upSCALE was originally created to support the government’s Community Health Workers’ Programme and strengthen APE supervision – the data generated were used to tailor supervision efforts to APEs requiring additional monitoring. By 2019, the platform use-case had evolved to integrate a decision-support tool to all APEs, primarily for integrated community case management (iCCM) service delivery protocols. The Power BI dynamic dashboards of the upSCALE platform provide data visualisations for actionable data, allowing supervisors, subnational and national-level stakeholders to identify programmatic inconsistencies, stock-outs and reporting issues that can be identified at the village level, facilitating improvements in data quality over time. APEs and decision-makers reported that access to rich data, as captured by upSCALE, increased confidence when making healthcare decisions.
As a result of the extensiveness and richness of the upSCALE data collected, by the end of 2021, Malaria Consortium secured funds to support the integration of upSCALE data into the national health management information system (HMIS), known as SISMA in Mozambique for improved central-level decision-making. Integration within the local HMIS will improve multi-sectoral decision-making by other divisions such as the National Malaria Control Program (NMCP), and the Nutrition and Child health departments, who will be better able to visualise data collected on the platform. The unique contribution of individual-level community data is also helping to address knowledge gaps that persist in malaria research, such as characterisation of severe malaria at the community level, factors influencing co-morbidities, and spatio-temporal trends of disease at a very granular level.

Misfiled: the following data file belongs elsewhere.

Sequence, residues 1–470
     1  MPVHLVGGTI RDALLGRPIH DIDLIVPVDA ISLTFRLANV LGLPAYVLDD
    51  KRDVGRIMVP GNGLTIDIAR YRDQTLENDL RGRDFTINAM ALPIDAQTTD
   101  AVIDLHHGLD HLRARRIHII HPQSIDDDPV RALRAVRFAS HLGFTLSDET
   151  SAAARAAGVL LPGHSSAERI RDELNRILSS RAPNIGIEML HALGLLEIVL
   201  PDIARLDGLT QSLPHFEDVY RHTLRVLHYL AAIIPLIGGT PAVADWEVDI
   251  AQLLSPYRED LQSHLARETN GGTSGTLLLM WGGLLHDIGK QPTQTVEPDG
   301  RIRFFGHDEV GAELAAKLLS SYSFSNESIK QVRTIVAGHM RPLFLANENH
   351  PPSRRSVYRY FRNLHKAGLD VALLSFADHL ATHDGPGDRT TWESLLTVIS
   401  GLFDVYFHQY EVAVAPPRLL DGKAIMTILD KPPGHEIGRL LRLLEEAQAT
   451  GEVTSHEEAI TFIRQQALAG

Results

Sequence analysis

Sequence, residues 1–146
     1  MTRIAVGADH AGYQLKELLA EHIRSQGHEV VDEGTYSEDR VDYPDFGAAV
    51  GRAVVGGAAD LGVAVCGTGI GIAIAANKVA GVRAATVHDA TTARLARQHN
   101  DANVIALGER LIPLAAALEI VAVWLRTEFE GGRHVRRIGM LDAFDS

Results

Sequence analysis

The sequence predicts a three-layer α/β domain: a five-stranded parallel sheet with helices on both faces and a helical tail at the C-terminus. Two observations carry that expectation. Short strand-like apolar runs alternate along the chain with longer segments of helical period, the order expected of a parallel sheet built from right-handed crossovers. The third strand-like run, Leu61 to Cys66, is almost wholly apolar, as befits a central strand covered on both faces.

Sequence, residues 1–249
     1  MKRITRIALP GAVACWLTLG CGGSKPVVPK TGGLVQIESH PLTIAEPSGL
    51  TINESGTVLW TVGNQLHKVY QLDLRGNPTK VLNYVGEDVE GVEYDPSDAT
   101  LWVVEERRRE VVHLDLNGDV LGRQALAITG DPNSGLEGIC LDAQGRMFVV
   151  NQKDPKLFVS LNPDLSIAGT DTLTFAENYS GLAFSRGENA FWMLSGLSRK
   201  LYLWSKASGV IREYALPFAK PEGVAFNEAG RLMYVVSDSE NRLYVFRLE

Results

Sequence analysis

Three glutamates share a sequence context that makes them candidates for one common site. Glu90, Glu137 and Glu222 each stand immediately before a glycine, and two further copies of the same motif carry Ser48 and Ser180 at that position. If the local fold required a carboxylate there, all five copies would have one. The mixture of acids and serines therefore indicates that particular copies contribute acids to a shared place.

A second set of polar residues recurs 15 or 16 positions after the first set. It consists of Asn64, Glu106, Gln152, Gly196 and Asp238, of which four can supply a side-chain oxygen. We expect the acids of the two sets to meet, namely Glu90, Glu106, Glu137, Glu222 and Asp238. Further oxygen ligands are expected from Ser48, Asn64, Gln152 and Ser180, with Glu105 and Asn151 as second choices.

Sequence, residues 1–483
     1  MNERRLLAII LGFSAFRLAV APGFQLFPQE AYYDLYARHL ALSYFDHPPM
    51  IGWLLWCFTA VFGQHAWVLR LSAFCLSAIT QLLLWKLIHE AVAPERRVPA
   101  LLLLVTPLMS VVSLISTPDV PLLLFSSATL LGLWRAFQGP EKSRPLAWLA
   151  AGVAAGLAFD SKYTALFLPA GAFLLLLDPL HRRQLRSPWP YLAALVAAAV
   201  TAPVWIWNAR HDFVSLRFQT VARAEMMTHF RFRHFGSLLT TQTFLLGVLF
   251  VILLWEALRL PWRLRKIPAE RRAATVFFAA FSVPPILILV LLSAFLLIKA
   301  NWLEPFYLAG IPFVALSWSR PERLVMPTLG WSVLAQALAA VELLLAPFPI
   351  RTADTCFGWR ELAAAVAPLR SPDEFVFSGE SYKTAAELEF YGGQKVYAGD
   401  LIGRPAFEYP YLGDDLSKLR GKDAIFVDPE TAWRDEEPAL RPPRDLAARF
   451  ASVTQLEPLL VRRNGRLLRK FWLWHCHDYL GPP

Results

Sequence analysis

Agility and responsiveness